When I woke up the following morning, those negative feelings were still brewing in me, and so I decided to take to St. Teresa’s example and to be cheerful even if I didn’t feel it. And in doing so, with each student who came into my classroom, I started to feel better. Soon enough, how I was acting was in fact how I felt, and I was able to see beyond the tunnel of my perfectionism and therefore started to see things with more clarity. By noon, I had made an appointment with my orthopedic doctor for the following Friday. By the afternoon, my ankle was super swollen, and after talking with my colleagues I decided I was definitely out of running for at least the upcoming week. By that night, I was at Fleet Feet buying new shoes, receiving further confirmation that my ankle needed medical attention even if no pain was accompanying the swelling, and  that continuing training would more than likely be detrimental than helpful if I had any plan for racing this spring. And after a date with Chipotle, as I drove home, I thought about my upcoming Eastern European trip in June, how extremely miserable it’d be to be hobbling around in a boot (or worse, CRUTCHES), and I knew in my heart that I wasn’t going to be able to run the Cleveland Marathon this spring. My harder, better, faster, and stronger mentality had turned to a mentality of resting, recovering, and healing in less than twenty-four hours, thanks to the guidance of my favorite saint and personal hero, St. Teresa. Fortunately, I hadn’t yet registered for the race with my many concerns of injury, so although stepping away was disappointing, I knew it was the right thing to do. Like the the beautiful, cozy, happy patio chair and my car from a few weeks ago, the Cleveland Marathon simply just doesn't fit for this spring.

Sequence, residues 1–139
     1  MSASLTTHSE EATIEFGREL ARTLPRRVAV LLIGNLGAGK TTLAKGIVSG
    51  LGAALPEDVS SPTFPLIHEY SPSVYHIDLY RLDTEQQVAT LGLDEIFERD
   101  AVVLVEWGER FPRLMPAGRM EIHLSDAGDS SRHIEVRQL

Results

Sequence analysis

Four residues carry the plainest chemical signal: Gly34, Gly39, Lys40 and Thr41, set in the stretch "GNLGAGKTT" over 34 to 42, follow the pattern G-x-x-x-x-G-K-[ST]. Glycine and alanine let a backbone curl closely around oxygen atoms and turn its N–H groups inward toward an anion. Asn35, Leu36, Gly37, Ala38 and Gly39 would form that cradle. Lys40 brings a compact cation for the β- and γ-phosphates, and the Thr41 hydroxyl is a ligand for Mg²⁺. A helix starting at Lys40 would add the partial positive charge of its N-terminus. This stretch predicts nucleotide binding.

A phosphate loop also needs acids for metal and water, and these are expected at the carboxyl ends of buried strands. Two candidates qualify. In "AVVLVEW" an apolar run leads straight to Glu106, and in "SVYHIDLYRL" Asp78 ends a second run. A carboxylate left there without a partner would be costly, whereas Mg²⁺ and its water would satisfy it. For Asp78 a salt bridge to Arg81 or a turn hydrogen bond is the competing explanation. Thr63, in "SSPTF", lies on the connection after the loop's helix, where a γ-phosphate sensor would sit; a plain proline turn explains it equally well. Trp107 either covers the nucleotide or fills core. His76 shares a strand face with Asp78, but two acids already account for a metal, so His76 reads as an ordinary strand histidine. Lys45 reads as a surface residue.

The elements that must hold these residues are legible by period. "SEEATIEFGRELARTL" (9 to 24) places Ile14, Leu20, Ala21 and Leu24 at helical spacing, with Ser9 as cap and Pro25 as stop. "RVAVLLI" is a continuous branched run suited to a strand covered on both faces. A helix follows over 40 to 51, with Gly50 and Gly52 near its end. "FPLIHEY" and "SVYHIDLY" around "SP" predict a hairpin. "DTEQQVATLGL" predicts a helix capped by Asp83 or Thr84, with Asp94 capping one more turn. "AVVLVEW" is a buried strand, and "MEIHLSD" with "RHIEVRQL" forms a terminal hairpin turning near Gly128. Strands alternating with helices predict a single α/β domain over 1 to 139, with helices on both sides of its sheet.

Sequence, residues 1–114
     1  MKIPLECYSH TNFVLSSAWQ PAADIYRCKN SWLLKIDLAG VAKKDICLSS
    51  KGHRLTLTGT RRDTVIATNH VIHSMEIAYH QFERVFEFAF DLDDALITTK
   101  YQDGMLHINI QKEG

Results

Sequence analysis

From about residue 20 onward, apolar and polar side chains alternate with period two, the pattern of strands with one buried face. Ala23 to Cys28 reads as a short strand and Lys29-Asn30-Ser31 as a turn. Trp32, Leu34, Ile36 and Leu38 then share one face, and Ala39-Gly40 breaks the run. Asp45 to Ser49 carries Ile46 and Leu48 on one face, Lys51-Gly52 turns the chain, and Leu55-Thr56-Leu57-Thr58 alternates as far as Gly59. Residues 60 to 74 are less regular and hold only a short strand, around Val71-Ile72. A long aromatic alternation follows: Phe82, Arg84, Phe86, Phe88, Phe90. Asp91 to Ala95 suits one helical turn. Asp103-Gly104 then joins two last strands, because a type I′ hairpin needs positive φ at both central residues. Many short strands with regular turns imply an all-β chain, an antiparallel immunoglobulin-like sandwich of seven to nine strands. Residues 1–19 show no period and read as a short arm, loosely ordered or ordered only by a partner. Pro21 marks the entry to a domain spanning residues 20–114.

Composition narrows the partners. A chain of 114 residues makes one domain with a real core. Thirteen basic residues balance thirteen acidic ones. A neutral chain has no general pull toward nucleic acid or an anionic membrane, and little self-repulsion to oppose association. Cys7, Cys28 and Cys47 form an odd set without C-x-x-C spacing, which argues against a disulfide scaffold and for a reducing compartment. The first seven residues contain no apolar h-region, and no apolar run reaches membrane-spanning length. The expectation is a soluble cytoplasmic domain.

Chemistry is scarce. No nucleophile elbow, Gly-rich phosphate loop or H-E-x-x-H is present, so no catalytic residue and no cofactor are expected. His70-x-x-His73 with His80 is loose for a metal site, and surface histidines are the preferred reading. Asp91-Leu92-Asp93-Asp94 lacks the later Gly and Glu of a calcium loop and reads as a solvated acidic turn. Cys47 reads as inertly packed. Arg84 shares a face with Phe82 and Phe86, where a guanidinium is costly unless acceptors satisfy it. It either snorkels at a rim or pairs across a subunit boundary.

Chubby cankle overflow...
 
I love training and all the small goals that come through each workout, so these past 6 weeks do not feel wasted although I’m once again cut short; one of these days, I’ll make it through a spring marathon. I know I am capable of achieving my goal of 3:03:30, but it needs to be when the time is right. I truly thought I could do it this spring and had everything planned to make it happen, but it just isn’t meant to be; I have full faith that He has better things planned for me. Although this quick turn of events has caught me off guard, and it may take me longer than I’d like to reach my goals, I feel like God is just recalculating my path for me. Although it’d be nice to have a GPS to tell us every turn we need to take when we got ourselves lost in the road of life, God doesn’t always work as explicitly as we’d like. We just have to silence our busy minds, pray, and have hope that He’ll be with us as we try to move forward in the right direction, and that if we make a wrong turn, He’ll just recalculate our path for us. All the best things in life, conquering our long, sought after goals, falling in love with the right person, earning respect from people, finding that perfect home, inspiring others to be their best selves, all seem to be linked to a formula beyond reason: they just happen. The only “right” thing we can do is to always have faith, and never, ever stop believing that there is always a silver lining, even if we can’t immediately see it. It’s as simple as that. If we can maintain our faith, when we look back, we will be able to clearly see that hand that got us though the tough times, helped us recalculate, and ultimately led us to the right place; in time, we can see God and understand why life is SO good.